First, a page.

Station Manager Sheppard: If you're looking for money, you're smarter than you look. If you're not, you're a lot dumber.
Marshal William T. O'Neil: Then I'm probably a lot dumber.
Station Manager Sheppard: That could be very dangerous.
See more »

Crazy Credits

In the opening credits, the word "Principal" is misspelled. See more »

Connections

Referenced in Deathrow Gameshow (1987) See more »

Frequently Asked Questions

See more (Spoiler Alert!) »

User Reviews

 
Recommended
9 July 2006 | by (Maryland) – See all my reviews

What an entertaining movie this is. The plot is believable; the acting, from the minor characters right up to and including the leads, is excellent; the dialogue is natural and realistic (and intelligible); and the special effects have aged well and are quite good, as good as today's CGI stuff. But unlike today's sf movies, it's not the f/x that play the central role here but rather plot, character, and acting.

I can understand some of the comments about some of the movie's science, particularly in the way earth gravity suddenly appears inside buildings and the way people's cranial cavities literally expand like balloons when exposed to near zero pressure, but none of that is central. I'm pleased when I see real science in movies (maybe surprised would be a better term), but if I want science I can read a textbook. Anyway, this shortfall is more than made up for by having a doctor in the movie named Lazarus - over scientific accuracy I'll take a little humor. Or good dialogue, such as when O'Neil, having just chased a perp through half the installation, finally corners him in a kitchen, gets the drop on him, and leveling his shotgun at his desperate kitchen knife-wielding opponent says to him, 'Think it over'.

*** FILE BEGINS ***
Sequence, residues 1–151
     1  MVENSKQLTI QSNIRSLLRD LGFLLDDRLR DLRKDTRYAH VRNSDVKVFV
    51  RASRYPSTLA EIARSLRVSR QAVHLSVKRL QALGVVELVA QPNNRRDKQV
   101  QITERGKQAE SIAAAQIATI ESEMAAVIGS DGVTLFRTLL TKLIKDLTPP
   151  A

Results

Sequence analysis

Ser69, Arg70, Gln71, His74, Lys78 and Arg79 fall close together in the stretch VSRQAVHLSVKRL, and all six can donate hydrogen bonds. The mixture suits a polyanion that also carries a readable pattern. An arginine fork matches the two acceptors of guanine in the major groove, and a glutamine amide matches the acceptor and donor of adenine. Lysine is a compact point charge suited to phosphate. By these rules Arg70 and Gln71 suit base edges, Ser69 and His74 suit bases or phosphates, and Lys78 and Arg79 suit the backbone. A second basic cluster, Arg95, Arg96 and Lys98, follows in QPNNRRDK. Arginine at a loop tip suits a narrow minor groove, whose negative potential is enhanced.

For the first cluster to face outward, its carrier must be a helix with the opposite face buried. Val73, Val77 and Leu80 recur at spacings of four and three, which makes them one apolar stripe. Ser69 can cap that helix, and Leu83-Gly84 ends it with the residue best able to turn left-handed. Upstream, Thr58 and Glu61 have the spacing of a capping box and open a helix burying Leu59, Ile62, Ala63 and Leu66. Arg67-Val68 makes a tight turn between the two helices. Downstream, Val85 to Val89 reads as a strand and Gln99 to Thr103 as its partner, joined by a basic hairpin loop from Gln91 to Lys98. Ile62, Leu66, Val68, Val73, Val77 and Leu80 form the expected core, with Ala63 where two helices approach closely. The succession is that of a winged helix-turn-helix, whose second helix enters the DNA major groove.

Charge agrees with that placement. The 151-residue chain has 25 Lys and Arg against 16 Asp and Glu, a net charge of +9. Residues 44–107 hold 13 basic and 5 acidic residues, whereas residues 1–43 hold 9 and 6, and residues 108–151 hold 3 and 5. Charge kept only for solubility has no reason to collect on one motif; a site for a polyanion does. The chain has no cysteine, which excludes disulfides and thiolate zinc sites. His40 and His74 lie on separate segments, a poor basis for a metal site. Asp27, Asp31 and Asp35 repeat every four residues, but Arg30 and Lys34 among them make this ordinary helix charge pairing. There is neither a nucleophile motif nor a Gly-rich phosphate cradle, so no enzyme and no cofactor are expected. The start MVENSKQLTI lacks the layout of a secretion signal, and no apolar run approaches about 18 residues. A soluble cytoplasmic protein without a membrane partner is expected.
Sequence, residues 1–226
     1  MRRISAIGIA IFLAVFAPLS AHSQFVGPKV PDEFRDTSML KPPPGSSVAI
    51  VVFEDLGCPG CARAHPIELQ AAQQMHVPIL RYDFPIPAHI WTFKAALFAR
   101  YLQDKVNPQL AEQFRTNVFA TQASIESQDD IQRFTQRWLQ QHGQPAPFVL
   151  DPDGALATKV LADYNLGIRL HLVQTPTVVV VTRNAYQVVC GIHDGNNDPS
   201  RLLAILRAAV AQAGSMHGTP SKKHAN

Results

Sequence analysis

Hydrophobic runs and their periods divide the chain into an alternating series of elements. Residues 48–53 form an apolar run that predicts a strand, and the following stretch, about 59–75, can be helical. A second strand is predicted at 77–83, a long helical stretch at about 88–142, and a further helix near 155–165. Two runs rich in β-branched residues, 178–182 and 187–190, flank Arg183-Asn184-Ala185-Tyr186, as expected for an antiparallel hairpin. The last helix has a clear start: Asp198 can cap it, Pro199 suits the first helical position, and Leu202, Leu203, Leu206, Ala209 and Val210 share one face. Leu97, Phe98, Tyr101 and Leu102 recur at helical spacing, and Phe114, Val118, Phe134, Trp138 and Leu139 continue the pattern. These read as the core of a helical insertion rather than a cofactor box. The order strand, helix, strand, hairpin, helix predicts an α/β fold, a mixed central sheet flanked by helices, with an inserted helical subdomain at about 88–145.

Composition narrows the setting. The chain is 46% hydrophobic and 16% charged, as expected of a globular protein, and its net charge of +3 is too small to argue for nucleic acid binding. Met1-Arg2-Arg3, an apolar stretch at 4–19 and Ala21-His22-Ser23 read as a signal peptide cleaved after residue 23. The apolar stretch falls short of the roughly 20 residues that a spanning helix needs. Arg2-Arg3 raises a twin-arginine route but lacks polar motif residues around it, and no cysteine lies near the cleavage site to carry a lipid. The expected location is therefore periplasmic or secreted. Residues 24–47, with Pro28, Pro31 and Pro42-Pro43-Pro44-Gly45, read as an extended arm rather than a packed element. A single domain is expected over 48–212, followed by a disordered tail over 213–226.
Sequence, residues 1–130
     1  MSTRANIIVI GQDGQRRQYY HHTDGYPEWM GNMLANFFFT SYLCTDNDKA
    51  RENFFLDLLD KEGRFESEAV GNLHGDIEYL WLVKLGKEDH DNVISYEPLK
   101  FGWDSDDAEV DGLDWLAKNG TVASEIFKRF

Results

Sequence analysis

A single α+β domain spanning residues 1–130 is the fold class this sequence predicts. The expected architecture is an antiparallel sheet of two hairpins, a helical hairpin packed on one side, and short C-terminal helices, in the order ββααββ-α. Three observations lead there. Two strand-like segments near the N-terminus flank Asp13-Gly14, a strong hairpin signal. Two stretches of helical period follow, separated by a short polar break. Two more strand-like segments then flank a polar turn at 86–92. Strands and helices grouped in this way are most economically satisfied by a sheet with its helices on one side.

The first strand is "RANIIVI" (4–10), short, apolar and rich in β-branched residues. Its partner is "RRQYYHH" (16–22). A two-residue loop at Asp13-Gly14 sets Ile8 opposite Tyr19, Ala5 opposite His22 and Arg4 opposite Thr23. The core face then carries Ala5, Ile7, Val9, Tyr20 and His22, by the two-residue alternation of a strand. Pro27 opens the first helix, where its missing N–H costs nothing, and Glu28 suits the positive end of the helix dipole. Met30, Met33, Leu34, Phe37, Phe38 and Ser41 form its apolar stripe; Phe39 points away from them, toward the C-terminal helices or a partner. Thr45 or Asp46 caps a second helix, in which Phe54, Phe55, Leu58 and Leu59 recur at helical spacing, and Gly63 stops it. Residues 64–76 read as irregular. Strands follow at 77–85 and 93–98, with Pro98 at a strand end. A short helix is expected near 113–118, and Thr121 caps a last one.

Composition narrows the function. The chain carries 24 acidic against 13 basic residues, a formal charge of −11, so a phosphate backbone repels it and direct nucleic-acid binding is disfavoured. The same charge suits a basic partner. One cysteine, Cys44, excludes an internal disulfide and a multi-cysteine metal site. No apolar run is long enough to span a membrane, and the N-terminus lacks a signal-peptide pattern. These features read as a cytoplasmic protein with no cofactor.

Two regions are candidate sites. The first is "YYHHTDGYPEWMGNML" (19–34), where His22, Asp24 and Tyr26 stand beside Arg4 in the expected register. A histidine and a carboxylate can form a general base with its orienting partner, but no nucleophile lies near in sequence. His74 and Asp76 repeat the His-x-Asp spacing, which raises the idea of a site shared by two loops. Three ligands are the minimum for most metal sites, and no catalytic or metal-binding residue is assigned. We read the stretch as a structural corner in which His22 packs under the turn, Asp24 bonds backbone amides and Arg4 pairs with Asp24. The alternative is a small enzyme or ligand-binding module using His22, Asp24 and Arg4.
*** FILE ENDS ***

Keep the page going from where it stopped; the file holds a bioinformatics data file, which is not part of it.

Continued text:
Comparisons have been made to other movies like High Noon and sf classics like Alien and 2001. I'll leave 2001 go at least until I can figure out how that giant fetus got out there in outer space, but as to Alien, well, in my view Outland compares quite well despite Alien's iconic status. Alien conveys all the niceness of a vat of sulfuric acid. What a bunch of dismal characters inhabited that movie. Outland has a different feel to it and portrays more than a few positive human characteristics (the interaction between O'Neil and his wife is quite affecting although, or maybe because, it takes place via a video screen). And as to this being a 'remake' of High Noon set in outer space, well, it really isn't. In fact there's only one aspect of the plot that is similar (the first half of Outland is a whodunit), though the device of periodically showing a clock to countdown when the bad guys will arrive is of course an obvious imitation. Someone else said that this movie is actually a 'western', and that's true if you mean a movie with a real hero who stands virtually alone despite the odds on the side of right vs. wrong (though he does get a little help especially from one particular rather brave woman). Basically though, this is just a very good movie that makes good use of and occasionally even exceeds the limits of its genre. It's got plenty of action and suspense and not a single dead spot. It's worth seeing.